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Prevention campaigns successful as HIV rate drops
December 08, 2005
- Zimbabwe has become the first southern African country to register
a decline in HIV prevalence, according to the Joint UN Programme
on HIV/AIDS (UNAIDS).
A review of recent epidemiological and behavioural data in 'Evidence
for HIV decline in Zimbabwe', released by UNAIDS on Wednesday, said
the incidence of new HIV infections had also declined.
The review, conducted by a team that included research staff from
Britain's Imperial College, the prevalence of HIV among pregnant
women declined from 26 percent in 2002 to 21 percent last year,
and other data showed a similar trend.
The findings back up an earlier national survey, released in October,
that showed that Zimbabwe's HIV prevalence rate had dropped dramatically
in the past two years.
According to the October study - carried out by UNAIDS, the US Centres
for Disease Control and several universities - the percentage of
Zimbabweans between the ages of 15 and 49 infected with HIV dropped
from 24.6 percent to 20.1 percent in the last two years.
However, UNAIDS epidemiologist Peter Ghys has cautioned that "there
is still a lot of prevention work to be done".
The latest review observed that a change in sexual behaviour had
helped reduce HIV prevalence and incidence in Zimbabwe, "in particular,
a substantial increase in condom use with non-regular partners and
an increase in faithfulness have contributed to the decline".
Ghys said there was also concern over the impact on thousands of
Zimbabweans displaced by the government's clean-up campaign, Operation
Murambatsvina, which had disrupted HIV/AIDS prevention programmes.
The government's controversial campaign has left more than 700,000
Explaining the reasons for the apparent decline in HIV prevalence,
Ghys pointed out that the HIV/AIDS epidemic in Zimbabwe was 'old'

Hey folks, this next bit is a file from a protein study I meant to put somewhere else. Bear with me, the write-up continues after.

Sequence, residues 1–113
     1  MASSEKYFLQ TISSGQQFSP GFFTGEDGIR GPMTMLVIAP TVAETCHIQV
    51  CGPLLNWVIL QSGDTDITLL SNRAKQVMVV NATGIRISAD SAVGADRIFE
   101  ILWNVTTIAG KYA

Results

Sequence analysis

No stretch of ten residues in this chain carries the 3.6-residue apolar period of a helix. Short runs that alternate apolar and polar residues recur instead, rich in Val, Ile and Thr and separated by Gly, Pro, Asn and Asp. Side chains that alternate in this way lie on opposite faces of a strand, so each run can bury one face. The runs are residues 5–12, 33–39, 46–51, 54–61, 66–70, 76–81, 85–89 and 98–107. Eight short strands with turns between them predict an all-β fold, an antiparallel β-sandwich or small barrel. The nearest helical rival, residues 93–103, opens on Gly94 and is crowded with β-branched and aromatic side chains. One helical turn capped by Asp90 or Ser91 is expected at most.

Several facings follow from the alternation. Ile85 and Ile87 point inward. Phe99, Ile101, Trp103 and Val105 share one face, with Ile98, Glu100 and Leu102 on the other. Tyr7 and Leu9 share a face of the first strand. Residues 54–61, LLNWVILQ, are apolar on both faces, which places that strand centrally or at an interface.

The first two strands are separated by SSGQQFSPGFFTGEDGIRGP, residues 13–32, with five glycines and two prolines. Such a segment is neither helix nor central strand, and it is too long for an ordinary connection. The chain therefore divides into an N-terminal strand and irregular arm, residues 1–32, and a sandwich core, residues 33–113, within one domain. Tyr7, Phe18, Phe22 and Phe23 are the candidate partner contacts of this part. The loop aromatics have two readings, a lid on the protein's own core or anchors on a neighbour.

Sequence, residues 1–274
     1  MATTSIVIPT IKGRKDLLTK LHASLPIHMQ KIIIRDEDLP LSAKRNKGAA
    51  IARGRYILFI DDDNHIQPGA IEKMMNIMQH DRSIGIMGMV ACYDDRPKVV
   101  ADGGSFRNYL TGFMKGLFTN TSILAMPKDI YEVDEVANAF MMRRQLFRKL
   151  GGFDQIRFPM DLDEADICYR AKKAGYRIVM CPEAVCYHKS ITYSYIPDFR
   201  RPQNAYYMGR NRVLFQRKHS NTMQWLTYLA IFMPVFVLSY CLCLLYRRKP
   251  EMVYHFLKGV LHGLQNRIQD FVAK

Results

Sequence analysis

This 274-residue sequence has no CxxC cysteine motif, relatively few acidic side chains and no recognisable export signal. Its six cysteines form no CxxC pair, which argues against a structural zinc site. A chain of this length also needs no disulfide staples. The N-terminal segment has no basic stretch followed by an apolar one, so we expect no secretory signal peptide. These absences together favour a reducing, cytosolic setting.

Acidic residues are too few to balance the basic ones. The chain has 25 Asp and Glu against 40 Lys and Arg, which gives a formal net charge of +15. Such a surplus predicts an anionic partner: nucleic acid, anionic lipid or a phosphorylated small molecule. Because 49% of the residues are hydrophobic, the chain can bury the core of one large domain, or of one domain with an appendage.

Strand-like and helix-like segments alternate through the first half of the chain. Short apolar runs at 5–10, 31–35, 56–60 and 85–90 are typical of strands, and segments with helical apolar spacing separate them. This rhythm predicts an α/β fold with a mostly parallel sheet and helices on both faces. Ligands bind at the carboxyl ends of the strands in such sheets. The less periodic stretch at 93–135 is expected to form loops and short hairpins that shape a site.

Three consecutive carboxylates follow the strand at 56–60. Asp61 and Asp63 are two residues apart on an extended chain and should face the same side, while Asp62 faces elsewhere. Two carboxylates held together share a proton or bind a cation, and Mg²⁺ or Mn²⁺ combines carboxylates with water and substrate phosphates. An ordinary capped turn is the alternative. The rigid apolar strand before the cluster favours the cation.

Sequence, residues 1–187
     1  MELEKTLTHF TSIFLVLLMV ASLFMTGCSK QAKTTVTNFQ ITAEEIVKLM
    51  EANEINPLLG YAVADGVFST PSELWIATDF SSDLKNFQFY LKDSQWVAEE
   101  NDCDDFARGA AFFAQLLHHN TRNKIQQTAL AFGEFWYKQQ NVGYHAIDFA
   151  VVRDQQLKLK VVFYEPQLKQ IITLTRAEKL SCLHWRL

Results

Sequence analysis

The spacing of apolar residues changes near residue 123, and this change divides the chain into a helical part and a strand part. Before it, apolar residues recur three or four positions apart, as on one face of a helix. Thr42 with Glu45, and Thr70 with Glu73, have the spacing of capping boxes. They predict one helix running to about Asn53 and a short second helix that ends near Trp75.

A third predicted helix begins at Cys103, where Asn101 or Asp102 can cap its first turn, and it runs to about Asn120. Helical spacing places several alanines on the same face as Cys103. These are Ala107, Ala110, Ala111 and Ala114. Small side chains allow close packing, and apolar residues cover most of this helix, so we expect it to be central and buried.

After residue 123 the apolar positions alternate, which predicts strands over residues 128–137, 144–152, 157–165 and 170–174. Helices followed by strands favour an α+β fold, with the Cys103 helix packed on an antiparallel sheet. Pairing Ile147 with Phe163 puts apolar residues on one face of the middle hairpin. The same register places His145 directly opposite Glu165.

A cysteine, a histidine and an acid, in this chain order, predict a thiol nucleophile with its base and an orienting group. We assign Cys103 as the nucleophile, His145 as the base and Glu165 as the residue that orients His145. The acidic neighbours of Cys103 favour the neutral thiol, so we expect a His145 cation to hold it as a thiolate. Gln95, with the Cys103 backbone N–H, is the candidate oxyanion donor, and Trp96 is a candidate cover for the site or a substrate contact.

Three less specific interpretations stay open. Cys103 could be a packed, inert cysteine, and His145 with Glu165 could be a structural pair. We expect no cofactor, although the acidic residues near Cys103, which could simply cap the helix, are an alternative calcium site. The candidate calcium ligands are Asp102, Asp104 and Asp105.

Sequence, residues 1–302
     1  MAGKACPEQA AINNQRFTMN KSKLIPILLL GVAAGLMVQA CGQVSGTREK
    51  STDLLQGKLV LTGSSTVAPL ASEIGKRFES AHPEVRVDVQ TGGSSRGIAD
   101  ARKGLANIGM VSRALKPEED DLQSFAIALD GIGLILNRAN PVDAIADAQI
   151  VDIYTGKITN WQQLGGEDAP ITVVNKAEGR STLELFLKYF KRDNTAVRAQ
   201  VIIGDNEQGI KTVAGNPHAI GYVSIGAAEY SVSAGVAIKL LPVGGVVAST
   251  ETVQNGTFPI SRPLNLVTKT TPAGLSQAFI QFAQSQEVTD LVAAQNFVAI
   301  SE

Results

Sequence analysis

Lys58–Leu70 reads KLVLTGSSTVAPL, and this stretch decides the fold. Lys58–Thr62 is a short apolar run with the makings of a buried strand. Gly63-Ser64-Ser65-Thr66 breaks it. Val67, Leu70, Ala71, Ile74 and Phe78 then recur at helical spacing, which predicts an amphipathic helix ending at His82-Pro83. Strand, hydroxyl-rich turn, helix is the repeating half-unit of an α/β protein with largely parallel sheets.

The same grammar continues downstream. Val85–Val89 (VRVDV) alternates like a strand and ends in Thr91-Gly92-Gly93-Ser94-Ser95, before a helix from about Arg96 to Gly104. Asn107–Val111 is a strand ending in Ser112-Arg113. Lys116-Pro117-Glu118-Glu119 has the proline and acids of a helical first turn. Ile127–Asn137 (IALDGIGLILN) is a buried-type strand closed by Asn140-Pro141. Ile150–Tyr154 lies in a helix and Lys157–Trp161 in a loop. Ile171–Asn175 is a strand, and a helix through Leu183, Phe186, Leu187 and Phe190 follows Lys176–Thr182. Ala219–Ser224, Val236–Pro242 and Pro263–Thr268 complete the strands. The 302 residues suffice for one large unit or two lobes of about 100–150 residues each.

compared to most other countries in the region, possibly dating
back to the mid-1980s. "It [Zimbabwe] has had a longer period of
time to respond to the crisis, as compared to South Africa, where
the epidemic began in the 1990s."
Northern African countries like Uganda and the Democratic Republic
of Congo, where the epidemic began in the early 1980s, have also
recorded a significant decline in HIV incidence.
Ghys said the review's findings indicated that HIV/AIDS prevention
programmes directed at changing sexual behaviour were responsible
for the lower number of new cases.
Local research in the eastern province of Manicaland showed that
young Zimbabweans were delaying becoming sexually active, promiscuity
was on the decline and women with frequently changing partners were
increasingly using condoms.
The Manicaland studies, conducted in a phased general population
survey, showed that between 1998 and 2000, and 2001 and 2003, HIV
prevalence declined from 4.9 percent to 2.7 percent in males aged
17 to 24 years, and from 15.9 percent to 7.9 percent in females
in the age group 15 to 24 years.
According to Ghys, the Zimbabwean government's decision to decentralise
its HIV/AIDS prevention programme had also proven to be an effective
strategy in curbing HIV incidence. "Very early in the epidemic the
government was charging an AIDS levy, which helped fund HIV prevention
programmes at the district level."
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